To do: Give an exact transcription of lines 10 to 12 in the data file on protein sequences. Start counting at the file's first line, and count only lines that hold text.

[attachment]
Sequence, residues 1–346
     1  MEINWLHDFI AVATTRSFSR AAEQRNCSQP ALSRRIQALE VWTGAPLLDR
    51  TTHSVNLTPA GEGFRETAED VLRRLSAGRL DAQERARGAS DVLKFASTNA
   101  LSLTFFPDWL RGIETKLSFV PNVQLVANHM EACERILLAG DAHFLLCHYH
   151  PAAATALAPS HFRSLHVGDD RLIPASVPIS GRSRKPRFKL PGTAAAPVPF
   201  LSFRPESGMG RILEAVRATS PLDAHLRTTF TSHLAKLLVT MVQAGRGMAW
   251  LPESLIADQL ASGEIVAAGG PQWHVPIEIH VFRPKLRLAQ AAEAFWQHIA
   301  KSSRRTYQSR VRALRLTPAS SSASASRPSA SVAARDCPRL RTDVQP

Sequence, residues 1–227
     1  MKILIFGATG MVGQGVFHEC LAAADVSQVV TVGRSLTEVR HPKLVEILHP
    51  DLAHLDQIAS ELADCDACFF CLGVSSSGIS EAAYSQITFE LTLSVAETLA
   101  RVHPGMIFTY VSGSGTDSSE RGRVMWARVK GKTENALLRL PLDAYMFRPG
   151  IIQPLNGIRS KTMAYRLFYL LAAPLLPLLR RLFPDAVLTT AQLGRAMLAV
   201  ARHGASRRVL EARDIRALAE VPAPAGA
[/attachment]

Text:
     1  MKILIFGATG MVGQGVFHEC LAAADVSQVV TVGRSLTEVR HPKLVEILHP
    51  DLAHLDQIAS ELADCDACFF CLGVSSSGIS EAAYSQITFE LTLSVAETLA
   101  RVHPGMIFTY VSGSGTDSSE RGRVMWARVK GKTENALLRL PLDAYMFRPG